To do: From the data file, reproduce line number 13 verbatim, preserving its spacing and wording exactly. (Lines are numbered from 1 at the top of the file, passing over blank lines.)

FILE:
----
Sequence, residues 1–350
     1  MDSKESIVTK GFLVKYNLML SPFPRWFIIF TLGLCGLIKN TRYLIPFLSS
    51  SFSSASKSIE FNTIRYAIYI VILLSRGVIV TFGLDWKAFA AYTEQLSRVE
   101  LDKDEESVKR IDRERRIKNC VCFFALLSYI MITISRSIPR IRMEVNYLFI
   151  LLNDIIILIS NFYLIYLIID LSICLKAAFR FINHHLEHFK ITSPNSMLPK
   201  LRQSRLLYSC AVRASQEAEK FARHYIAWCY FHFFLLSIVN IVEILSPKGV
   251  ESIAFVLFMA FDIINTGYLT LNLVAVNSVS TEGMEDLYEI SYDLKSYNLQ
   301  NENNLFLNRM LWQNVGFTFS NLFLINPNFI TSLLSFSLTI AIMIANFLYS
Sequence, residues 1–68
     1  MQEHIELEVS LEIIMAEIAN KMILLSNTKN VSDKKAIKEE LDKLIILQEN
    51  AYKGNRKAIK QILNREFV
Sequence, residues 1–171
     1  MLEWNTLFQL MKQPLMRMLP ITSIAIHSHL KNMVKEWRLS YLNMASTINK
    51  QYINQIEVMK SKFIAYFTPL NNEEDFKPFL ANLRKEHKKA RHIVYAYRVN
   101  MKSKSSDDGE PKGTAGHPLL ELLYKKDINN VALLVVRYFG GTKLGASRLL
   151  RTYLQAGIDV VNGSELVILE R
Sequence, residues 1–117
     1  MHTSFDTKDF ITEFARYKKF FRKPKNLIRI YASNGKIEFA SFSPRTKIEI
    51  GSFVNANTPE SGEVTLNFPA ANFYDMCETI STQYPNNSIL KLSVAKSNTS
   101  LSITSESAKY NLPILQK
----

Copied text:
     1  MLEWNTLFQL MKQPLMRMLP ITSIAIHSHL KNMVKEWRLS YLNMASTINK